The Old Man and the Sea Themes
In The Old Man and the Sea the author, Ernest Hemingway, uses methods of characterization and point of view in order to help the reader better understand the story’s characters. In this novela, the old man, Santiago, and the boy, Manolin, have an inseparable friendship. Even with Santiago growing older each day Manolin still treats him like the greatest fisherman alive, and serves him with whatever he needs. In The Old Man and the Sea, Ernest Hemingway uses Santiago’s thoughts and Manolin’s actions to introduce and develop their characters throughout the story.
The thoughts of Santiago in this story show his unwillingness to accept defeat even in his darkest moments out on the treacherous sea. As Santiago is at a constant battle with the Marlin and in his worst state physically he thinks to himself, a man can be destroyed but not defeated (93). Destruction means to completely ruin or spoil. Throughout the novel Santiago has experienced destruction from day one. He starts off with not catching a fish for 84 consecutive days, but he never stopped returning to the sea everyday. He continued to be unsuccessful each day, but his spirit and pride prevented him from accepting defeat. Even in the fight with the Marlin he had the choice to spare his life and let the fish go, or continue his fight and reel the fish in. The choice that Santiago made displays the type of man he is and his unwillingness to give up even in the face of death. As the old man continues his battle with the marlin he begins to think about nature and the marlins feelings. As he plunges deep into thought he thinks, besides, he thought, everything kills everything else in some way. Fishing kills me exactly as it keeps me alive (48). Santiago knows that he is becoming older and fishing is not as easy as it used to be in his younger days. The reason that Santiago is still a fisherman, even at his age, is because he wants to feel important.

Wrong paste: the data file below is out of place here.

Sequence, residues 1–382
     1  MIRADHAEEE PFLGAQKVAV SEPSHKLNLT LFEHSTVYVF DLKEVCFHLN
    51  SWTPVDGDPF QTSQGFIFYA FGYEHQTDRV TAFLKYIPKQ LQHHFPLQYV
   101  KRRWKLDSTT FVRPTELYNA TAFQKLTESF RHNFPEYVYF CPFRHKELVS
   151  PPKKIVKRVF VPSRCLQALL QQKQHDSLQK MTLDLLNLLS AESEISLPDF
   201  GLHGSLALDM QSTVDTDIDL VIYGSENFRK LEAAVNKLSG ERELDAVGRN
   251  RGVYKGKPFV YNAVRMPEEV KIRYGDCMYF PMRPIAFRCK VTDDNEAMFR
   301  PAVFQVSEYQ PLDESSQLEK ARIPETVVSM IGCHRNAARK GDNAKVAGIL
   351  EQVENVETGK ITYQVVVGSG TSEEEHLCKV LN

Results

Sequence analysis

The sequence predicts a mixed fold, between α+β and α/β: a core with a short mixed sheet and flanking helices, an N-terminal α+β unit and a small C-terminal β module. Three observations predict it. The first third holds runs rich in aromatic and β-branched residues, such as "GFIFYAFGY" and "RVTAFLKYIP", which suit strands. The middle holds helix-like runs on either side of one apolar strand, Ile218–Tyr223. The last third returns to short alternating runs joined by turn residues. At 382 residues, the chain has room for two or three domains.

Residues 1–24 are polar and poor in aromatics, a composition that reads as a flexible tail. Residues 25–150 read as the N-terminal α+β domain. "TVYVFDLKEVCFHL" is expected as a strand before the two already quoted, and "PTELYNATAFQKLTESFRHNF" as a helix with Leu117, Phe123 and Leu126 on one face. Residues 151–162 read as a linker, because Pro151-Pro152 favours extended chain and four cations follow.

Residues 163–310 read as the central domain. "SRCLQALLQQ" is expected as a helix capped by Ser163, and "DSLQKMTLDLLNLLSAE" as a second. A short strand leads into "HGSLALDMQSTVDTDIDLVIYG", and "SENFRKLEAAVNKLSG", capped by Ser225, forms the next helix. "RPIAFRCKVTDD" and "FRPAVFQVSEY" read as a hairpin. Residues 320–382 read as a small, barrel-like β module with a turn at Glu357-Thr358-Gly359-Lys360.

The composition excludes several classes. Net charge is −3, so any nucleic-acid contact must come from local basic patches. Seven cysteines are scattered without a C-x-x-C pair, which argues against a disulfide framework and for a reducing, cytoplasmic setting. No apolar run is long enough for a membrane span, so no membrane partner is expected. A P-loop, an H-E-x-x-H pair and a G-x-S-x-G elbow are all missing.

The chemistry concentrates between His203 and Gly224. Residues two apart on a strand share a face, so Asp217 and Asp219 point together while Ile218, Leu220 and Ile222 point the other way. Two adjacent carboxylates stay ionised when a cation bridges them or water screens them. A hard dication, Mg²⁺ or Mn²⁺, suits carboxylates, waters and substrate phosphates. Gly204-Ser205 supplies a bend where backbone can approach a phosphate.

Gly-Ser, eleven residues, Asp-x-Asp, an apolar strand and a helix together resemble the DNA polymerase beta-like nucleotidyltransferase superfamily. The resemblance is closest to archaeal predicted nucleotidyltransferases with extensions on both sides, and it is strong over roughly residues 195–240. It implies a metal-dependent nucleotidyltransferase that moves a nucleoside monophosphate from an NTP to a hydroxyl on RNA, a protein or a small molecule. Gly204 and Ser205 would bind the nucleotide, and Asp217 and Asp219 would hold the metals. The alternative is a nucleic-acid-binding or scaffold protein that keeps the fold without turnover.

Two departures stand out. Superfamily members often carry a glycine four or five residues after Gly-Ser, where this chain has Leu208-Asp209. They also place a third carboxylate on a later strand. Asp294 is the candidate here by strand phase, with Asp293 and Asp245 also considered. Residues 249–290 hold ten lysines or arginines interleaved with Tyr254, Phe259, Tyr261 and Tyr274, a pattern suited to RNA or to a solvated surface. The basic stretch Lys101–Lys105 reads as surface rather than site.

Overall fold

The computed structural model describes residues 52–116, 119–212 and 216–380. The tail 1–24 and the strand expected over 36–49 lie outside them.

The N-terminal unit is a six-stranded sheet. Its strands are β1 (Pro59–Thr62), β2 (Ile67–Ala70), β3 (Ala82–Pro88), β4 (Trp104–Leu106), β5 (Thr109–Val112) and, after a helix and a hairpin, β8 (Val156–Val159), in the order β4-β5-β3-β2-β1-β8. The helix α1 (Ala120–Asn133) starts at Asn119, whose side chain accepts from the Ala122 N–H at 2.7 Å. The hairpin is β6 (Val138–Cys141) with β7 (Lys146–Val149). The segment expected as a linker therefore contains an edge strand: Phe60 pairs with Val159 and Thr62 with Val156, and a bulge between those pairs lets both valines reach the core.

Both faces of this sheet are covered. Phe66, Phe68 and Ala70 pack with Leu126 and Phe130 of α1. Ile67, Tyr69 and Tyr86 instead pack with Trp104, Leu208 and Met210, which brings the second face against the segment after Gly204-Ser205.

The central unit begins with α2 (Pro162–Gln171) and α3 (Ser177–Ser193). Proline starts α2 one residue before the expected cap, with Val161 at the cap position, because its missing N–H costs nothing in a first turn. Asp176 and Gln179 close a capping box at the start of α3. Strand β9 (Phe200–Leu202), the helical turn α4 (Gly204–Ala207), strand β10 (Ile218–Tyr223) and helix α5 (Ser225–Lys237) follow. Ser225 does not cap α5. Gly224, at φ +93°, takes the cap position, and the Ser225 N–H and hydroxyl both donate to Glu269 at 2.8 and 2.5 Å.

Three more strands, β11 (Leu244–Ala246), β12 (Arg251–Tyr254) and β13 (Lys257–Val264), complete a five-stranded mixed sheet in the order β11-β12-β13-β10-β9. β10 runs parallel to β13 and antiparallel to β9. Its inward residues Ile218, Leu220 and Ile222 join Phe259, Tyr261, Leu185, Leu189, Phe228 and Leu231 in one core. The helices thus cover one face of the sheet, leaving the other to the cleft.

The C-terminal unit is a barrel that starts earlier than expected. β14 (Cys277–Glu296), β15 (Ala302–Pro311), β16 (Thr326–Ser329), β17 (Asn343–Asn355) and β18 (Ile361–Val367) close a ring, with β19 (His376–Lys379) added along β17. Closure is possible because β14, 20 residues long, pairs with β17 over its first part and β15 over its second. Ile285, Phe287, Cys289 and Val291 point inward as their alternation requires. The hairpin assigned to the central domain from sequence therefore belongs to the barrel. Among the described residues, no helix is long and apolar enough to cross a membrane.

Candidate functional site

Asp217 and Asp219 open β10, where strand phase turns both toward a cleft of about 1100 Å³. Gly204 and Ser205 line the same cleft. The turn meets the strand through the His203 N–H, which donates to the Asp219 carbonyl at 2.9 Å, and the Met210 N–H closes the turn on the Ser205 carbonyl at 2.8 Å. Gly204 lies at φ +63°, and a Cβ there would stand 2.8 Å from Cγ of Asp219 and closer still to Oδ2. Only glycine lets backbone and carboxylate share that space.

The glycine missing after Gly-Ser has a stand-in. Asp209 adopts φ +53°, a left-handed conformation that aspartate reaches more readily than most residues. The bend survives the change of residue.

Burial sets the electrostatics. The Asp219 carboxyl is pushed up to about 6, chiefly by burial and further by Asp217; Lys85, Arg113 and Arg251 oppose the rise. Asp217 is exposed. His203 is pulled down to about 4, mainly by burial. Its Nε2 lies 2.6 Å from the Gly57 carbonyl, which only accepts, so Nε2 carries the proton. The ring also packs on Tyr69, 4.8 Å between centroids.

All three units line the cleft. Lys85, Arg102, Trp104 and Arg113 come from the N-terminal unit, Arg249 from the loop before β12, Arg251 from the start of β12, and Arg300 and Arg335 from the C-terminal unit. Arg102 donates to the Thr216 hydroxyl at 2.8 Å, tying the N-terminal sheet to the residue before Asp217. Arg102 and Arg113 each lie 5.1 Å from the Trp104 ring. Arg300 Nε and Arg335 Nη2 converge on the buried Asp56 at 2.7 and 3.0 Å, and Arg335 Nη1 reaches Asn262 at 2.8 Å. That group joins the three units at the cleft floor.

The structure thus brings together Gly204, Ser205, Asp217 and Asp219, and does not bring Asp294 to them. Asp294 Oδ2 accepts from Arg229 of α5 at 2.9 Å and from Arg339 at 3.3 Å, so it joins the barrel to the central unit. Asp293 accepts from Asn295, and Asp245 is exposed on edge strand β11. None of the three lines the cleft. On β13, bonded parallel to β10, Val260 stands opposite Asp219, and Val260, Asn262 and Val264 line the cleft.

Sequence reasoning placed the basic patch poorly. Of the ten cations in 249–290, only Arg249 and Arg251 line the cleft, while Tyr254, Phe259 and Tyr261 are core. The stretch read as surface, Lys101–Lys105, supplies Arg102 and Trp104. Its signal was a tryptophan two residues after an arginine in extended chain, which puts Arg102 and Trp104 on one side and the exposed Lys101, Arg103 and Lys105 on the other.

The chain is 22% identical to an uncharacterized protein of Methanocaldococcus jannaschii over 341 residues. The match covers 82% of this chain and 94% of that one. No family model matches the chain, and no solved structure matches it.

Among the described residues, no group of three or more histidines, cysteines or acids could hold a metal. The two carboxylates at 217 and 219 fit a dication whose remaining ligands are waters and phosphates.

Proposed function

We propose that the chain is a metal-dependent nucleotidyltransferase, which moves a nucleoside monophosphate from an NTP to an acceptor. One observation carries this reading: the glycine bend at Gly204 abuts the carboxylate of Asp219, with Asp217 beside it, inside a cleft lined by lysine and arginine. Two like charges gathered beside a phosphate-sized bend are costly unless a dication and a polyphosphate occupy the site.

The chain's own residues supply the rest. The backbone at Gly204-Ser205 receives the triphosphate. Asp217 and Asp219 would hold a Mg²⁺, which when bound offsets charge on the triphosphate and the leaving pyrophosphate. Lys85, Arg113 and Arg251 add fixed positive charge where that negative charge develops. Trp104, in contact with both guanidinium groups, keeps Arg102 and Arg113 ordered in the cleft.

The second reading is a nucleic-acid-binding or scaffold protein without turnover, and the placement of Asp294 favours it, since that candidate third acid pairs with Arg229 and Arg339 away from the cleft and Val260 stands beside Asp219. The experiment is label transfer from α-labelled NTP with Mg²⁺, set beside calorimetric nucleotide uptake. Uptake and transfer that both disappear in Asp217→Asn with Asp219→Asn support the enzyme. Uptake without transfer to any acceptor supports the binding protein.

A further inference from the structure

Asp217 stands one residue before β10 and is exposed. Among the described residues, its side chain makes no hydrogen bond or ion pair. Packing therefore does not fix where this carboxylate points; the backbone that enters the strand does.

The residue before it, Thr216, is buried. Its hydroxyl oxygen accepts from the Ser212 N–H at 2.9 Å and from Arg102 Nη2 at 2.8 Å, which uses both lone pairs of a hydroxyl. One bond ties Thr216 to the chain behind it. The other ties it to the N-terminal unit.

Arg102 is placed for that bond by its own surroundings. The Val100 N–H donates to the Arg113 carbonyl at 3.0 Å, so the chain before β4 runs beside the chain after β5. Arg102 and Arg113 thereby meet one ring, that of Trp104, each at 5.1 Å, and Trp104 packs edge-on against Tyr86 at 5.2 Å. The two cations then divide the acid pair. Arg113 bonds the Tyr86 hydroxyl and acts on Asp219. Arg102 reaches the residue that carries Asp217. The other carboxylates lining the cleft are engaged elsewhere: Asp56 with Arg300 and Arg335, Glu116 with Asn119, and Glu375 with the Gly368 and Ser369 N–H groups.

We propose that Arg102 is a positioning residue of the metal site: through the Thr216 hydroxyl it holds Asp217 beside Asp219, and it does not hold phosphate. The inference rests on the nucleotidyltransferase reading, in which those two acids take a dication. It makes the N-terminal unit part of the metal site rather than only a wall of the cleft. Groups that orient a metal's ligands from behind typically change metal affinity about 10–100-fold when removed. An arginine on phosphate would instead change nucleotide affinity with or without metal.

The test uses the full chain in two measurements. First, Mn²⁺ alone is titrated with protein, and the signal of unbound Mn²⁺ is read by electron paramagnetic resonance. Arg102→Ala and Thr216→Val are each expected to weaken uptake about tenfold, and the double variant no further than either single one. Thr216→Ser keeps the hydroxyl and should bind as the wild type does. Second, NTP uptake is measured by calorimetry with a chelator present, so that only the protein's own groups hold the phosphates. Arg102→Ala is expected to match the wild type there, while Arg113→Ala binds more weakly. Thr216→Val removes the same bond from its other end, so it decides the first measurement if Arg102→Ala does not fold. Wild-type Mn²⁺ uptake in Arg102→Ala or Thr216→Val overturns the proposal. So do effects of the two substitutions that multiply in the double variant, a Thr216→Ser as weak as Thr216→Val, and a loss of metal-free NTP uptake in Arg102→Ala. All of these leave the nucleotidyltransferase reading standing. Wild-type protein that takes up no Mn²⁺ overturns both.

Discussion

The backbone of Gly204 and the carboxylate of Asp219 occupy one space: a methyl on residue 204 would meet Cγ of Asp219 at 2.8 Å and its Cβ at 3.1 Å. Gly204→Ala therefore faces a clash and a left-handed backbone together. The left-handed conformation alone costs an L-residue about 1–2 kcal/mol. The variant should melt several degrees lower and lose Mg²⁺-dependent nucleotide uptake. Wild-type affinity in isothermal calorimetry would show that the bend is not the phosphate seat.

The old man wants to feel as if he has a place in society and he isn’t just a waste of space. Hemingway gives the reader Santiago’s thoughts in order to show his strong pride and determination even when his physical state has been depleted over and over again. Ernest Hemingway uses Manolin’s actions to show his willingness to always help Santiago, and also his gratitude towards the old man for teaching him how to fish. Manolin would always watch, the old man come in each day with his skiff empty and he always went down to help him carry either the coiled lines or the gaff and harpoon and the sail that was furled around the mass (1). Santiago was the man who taught Manolin how to fish at the age of five years old. Ever since then Santiago and Manolin have had a very close friendship because fishing in their society is a way of life and survival. By teaching Manolin how to fish Santiago taught him how to care for himself and survive, so now Manolin is the one helping the old man. Manolin’s parents have forbidden him from fishing with the old man because of his terrible luck.